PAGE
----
We’re helping to build a resilient railway

Environmental Planning & Consenting Consultant, Liam Singleton blogs about mitigating against the weather and building a resilient railway.

Liam Singleton
Written by:

Liam Singleton

March 23, 2022

We are entering a period of climatic uncertainty and disruption that will have a profound effect on how we live and travel. Transport already accounts for a nearly ¼ of global energy-related C02 emissions; we know we need to reduce emissions and build resilience.

Network Rail’s own climate projections point to increasing average and maximum daily temperatures, drier summers, wetter winters, sea level rises and increased storminess – all of which pose wide ranging and difficult questions to rail operators. Already we are experiencing the effects of climate change.

In August 2020 tragedy struck on our railway. A train derailed near Carmont, Aberdeenshire resulting in loss of life and considerable suffering. Analysis found that heavy rainfall had caused gravel and other material from nearby land to wash onto the tracks causing the train derailment. It was a disaster in which climate change played a damning role.

Network Rail’s Chief Executive said after the tragedy that extreme weather now presented a “constant challenge to the safety and reliability of the railway”. Reports were commissioned and improvements introduced to help mitigate the impact of extreme weather, and improve the resilience and safe performance of the rail network. And that work continues.


By Anonymous – train derailment near Carmont, Aberdeenshire.

The challenge ahead

Public transport will play an essential role in addressing the climate emergency in the coming decades and Network Rail are investing in new ways to manage the railway more efficiently and safely, while also increasing capacity. With 1.7 billion rail journeys a year, and the climate crisis likely to worsen in the years ahead unless carbon reduction targets are met, the need to future-proof our railways is essential to reduce disruptions and associated costs.

Over the past 15 years, weather related events have resulted in more than £3bn in delays. A 2015 report found that 580 stations and 2,400 km of track were at a high risk of flooding, which is likely to be the network’s biggest problem. Higher temperatures and stronger winds will also cause more faults and damage as lines buckle and infrastructure is damaged, and extreme thunderstorms and sea surges all add to a chaotic climatic future. Combine this with a near 200-year old rail network and the challenge is real and significant.

Adaptation plans

Network Rail are responding, and we are starting to play a crucial role as part of that effort. Weather Resilience and Climate Change Adaptation (WRCCA) plans are routinely used to manage these risks. Also. a few months ago they released their third Adaptation Report to “better understand the risks and impact [climate change] will have on our infrastructure”. Plans are in place to respond and adapt to risks over the short, medium and long term.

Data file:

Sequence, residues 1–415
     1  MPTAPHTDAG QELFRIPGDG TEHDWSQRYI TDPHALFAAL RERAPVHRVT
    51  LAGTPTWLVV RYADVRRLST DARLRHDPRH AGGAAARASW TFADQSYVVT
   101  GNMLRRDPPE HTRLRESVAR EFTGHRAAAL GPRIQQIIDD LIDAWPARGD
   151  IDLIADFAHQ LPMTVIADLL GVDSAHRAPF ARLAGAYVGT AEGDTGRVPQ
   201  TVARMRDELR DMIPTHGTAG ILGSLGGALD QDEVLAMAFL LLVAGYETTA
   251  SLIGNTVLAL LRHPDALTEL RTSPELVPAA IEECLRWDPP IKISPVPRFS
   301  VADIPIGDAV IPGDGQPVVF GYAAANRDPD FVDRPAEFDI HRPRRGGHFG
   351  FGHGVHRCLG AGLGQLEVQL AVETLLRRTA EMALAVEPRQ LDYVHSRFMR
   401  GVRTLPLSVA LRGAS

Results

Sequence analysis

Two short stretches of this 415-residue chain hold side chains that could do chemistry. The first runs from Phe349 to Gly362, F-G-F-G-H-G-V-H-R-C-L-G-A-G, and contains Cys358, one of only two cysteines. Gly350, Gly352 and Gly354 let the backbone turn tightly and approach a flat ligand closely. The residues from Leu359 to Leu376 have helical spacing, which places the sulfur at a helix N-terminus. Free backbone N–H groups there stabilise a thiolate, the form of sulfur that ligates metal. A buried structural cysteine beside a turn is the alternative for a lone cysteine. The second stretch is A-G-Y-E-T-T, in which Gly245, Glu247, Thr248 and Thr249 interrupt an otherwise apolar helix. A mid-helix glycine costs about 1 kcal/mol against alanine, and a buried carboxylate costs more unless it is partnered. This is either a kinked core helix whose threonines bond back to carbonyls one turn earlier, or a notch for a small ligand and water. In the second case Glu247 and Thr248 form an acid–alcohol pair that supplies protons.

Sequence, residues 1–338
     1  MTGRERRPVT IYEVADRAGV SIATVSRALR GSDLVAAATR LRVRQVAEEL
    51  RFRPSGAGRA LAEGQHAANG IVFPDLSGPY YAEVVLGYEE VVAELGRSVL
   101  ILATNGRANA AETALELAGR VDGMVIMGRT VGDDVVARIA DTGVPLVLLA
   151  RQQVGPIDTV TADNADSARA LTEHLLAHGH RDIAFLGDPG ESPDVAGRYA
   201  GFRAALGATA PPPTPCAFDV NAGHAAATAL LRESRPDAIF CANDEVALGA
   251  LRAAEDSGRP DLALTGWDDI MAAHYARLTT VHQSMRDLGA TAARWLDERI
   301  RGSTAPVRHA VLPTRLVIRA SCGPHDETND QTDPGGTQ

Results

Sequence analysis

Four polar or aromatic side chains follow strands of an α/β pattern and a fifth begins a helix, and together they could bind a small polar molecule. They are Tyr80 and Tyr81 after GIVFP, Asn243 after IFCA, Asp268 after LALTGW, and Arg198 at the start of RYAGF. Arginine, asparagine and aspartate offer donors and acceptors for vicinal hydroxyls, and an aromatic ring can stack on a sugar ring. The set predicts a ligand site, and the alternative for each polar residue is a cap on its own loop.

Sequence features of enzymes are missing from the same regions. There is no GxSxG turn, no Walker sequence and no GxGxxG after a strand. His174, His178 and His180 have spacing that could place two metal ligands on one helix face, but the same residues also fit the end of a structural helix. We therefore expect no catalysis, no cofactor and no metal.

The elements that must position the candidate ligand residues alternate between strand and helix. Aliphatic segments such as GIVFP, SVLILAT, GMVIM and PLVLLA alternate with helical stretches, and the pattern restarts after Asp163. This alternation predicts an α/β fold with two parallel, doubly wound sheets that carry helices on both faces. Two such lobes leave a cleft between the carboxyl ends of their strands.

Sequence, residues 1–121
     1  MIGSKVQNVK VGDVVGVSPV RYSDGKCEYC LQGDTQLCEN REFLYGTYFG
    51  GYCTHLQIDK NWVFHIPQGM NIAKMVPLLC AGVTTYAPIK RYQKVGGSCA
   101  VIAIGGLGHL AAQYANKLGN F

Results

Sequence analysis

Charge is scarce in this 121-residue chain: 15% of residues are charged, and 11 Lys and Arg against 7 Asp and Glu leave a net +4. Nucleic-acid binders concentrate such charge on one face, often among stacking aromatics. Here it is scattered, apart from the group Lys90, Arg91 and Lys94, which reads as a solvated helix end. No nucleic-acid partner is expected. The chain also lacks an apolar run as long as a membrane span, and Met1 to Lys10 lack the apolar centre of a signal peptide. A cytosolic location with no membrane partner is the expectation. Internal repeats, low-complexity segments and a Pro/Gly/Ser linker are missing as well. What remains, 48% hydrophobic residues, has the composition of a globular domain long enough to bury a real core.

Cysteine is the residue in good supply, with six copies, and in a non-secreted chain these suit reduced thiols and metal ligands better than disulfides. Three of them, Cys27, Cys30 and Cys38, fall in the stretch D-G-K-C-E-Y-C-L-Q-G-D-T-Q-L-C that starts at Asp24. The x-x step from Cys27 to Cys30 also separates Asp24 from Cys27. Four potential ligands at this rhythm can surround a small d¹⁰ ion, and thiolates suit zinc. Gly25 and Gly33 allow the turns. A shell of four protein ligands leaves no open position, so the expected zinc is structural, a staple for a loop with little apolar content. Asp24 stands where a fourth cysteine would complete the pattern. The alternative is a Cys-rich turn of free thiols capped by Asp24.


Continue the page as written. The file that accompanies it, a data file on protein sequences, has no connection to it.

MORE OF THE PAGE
Recently our teams at Ecus have been supporting this work. We undertook a weather and climate change resilience assessment for a client to understand how future changes would impact line upgrades, and to identify mitigation in order for these upgrades to be resilient in the decades ahead.

As part of our work, we researched and analysed a range of technical, construction and operational factors, using climate change projections and historic weather data to determine potential impacts and likely failure rates on the assets and line. We proposed a range of recommendations for further consideration so that the line could be as safe and robust as possible.

Our report concluded (amongst other things) that flooding, high winds and changes in temperature will have a negative effect on operations – no surprise there. However, we also identified adaptation and mitigation options.

Take one ecological example; higher temperatures and more precipitation will affect growth and success rates of different vegetation. As older trees (and those unsuited to a warming climate) die, then the chance of falling hazards increases, not least as stronger winds and storms become more frequent. What’s more, warmer temperatures are likely to result in trackside vegetation growing at a faster rate, again presenting safety risks.  There will be a need for more regular monitoring and removal of trackside vegetation, whilst also being mindful of wider biodiversity protection and enhancement goals.



Train at sunset 1920x400

Light at the end of the tunnel

We live in an age of uncertainty, but we know that transformative change is needed. Here at Ecus we are proud to be playing our part in helping clients to identify and mitigate risks, both now and in the future. From water management, arboriculture, ecology services, and environmental assessment and planning, through to climate and weather resilience, low carbon solutions and air quality services, we are supporting a diverse range of clients to build resilience. Whether you go by path, road or rail, we are there to help make your journey more resilient and sustainable.